To determine if dredd also acted redundantly with strica, we examined dreddB118strica4 double mutants and found that they did not display any defects during oogenesis (data not shown). Additionally, dreddB118; strica4; droncI29 GLCs were generated and phenotypes were not more severe than strica4; droncI29 GLCs alone (data not shown).

dcp-1 and drice display redundancy during late oogenesis

Because dronc and strica demonstrated redundancy during oogenesis, we hypothesized that other caspases may also display overlapping functions in nurse cell death. Recent studies have shown dcp-1 and drice to be redundant in the embryo and arista,9, 10 implicating them as good candidates for redundancy in the ovary as well. dcp-1Prev1 mutants display 10% persisting nuclei during late oogenesis, while drice17 mutants show only 5% persisting nuclei. However, dcp-1Prev1drice17 double-mutant GLCs displayed 21% persisting nurse cell nuclei (Figure 7). Thus, dcp-1 and drice also appear to play redundant functions during late oogenesis.


Our previous findings with dcp-1 and overexpression of diap1 indicated that caspases are required for PCD during mid-oogenesis.3, 24 This was supported by a subsequent study overexpressing p35 in the female germline.25 However, the identity of the initiator caspase(s) responsible for dcp-1 activity was unclear, as was the role of caspases during late oogenesis. Here we have shown that the ovary utilizes a novel pathway of caspase activation during mid- and late oogenesis that depends largely on redundancy among caspases.

We examined the three initiator caspases, with no significant defects seen in dronc or dredd mutants. The lack of a phenotype in dronc mutants was particularly surprising, considering its importance in most tissues and its ability to suppress the ovarian degeneration caused by loss of diap1.4, 5, 6, 7, 8, 14 Partial deletion strica mutants contained abnormal egg chambers during mid-oogenesis, characterized by absent or degenerating follicle cells and intact nurse cells, similar to those seen in dcp-1 mutants.3 This indicated a role for strica as an initiator caspase participating in the regulation of cell death during mid-oogenesis. Interestingly, strica4, a null allele of strica, did not display any defects during mid-oogenesis. We hypothesized that this may be due to another caspase compensating for the absence of strica.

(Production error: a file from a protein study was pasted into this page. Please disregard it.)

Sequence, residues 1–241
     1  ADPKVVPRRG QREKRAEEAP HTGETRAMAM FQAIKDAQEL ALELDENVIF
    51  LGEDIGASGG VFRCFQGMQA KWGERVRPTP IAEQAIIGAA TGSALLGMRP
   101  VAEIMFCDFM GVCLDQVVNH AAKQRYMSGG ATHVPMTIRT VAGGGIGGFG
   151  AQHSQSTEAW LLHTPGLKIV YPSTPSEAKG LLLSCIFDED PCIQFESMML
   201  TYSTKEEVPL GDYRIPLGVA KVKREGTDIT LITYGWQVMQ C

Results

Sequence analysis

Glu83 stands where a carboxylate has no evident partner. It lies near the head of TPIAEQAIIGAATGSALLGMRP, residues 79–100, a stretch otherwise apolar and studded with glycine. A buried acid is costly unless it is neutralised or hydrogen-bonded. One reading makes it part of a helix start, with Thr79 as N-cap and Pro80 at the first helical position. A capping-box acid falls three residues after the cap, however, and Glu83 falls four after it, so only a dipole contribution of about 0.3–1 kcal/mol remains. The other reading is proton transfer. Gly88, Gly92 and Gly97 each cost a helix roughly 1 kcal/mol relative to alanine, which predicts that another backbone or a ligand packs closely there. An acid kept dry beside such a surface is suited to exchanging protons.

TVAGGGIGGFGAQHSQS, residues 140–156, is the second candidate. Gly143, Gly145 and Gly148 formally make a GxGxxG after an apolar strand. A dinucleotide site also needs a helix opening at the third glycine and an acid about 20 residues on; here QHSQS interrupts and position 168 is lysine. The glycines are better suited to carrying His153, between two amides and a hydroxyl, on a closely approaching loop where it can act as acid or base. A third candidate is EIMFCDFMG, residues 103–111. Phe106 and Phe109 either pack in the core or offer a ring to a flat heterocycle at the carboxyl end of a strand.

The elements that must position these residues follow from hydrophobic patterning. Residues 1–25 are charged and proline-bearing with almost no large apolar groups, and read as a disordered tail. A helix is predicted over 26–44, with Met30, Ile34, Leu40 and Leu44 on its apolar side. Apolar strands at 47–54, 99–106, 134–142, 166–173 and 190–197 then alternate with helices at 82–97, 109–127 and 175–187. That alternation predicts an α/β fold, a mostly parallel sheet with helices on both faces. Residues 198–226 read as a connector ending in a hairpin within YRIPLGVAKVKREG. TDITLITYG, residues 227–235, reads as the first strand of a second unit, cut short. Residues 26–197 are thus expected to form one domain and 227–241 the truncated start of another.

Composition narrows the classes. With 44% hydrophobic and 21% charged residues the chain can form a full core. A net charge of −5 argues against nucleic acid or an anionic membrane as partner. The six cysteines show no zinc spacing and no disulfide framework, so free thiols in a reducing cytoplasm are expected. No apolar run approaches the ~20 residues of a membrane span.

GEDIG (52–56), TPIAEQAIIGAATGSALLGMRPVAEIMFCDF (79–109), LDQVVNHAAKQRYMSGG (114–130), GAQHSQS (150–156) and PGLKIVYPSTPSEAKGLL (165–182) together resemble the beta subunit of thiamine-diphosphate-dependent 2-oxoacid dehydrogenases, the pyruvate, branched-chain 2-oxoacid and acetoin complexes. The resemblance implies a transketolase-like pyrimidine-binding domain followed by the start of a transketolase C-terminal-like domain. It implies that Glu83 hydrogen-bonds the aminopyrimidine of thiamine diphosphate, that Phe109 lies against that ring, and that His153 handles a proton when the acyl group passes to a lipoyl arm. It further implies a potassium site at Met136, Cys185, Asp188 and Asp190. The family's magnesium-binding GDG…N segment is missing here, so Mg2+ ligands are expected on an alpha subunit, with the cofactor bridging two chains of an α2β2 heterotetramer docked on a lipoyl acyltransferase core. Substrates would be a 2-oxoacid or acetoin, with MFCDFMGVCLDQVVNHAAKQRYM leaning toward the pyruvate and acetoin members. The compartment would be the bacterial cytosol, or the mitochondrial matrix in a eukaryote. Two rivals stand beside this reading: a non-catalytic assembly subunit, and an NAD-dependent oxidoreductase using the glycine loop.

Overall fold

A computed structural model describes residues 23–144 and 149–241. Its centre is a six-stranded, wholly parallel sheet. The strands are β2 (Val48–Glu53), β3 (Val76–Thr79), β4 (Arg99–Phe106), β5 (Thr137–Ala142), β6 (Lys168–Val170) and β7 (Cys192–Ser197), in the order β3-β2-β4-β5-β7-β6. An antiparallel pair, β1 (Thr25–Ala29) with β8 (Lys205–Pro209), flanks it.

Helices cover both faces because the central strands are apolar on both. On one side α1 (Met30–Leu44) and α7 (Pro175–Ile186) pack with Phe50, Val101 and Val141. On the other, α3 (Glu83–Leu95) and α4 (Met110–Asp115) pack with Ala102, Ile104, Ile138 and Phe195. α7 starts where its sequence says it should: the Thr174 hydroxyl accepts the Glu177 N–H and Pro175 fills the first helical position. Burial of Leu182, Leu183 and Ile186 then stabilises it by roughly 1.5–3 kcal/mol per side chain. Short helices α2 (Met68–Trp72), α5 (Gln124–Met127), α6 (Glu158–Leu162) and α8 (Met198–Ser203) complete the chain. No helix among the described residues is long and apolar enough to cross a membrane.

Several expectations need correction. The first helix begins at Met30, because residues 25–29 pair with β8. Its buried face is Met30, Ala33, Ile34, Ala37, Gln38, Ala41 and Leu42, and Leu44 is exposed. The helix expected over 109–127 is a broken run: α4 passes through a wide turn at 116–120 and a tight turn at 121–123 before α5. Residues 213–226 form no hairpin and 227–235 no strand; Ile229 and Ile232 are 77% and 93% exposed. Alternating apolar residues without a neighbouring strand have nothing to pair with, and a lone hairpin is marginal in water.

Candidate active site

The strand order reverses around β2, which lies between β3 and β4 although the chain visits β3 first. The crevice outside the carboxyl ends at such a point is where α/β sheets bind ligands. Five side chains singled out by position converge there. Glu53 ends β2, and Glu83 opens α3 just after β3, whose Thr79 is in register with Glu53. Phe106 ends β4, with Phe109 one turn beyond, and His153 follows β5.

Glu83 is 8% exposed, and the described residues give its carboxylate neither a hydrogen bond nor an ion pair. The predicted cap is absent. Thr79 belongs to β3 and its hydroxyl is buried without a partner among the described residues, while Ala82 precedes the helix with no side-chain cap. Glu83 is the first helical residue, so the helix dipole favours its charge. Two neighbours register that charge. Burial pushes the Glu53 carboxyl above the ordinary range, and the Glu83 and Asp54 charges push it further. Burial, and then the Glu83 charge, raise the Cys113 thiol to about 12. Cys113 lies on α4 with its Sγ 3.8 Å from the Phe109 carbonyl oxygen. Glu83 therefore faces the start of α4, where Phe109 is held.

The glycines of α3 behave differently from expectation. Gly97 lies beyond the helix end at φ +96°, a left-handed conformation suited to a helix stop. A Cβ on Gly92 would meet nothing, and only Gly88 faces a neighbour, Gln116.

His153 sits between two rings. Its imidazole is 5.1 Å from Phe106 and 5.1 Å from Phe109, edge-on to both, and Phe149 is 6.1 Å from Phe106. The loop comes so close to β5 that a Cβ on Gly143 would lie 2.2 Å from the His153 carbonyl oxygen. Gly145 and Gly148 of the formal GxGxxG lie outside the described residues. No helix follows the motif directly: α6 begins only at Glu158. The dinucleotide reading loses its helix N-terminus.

dronc was a strong candidate to exhibit redundancy with strica based on the central role of dronc in most PCD. Additionally, a previous study showed that strica and dronc display redundancy in the eye.14 Indeed, strica; dronc double mutants contained a high percentage of defective mid-stage egg chambers. Leulier et al.14 have previously proposed that Strica acts in a pathway parallel to a Dronc-Drice cascade. Consistent with this model, we found that strica; drice double mutants also produced egg chambers defective in PCD in mid-oogenesis (data not shown). Because strica; dronc double mutants do not display complete inhibition of mid-oogenesis PCD, as is seen in dcp-1Prev1 and overexpression of the caspase inhibitors, a third caspase may act redundantly with strica and dronc. We tested whether dredd might perform this role, but triple mutant GLCs did not show a stronger phenotype than strica; dronc GLCs. Alternatively, dcp-1 may be activated through a novel mechanism of caspase activation. The drastic downregulation of DIAP1 activity during mid-oogenesis indicates that lower initial levels of caspase activity may be sufficient to initiate the degeneration of an egg chamber. Such low levels of caspase activity would be inhibited at other stages by the higher level of DIAP1.

During late oogenesis, nurse cell nuclei normally degenerate and are removed from the egg chamber by st14. However, we found persisting nurse cell nuclei in several caspase mutant combinations. Importantly, we have found redundancy in late oogenesis between strica and dronc, and between dcp-1 and drice. strica4; dronc GLC ovaries contained 16–21% of st14 egg chambers with persisting nurse cell nuclei, while dcp-1Prev1drice17 GLC ovaries contained 21%. Persisting nuclei were observed at much lower frequencies in single mutants of strica, dronc, dcp-1 and drice (Figure 7), whereas comparable levels were found when diap1 and p35 were overexpressed. Defective PCD in late oogenesis was likely not detected in previous studies with the inhibitors,24, 25 because persisting nuclei only become apparent with increased Gal4 copy number.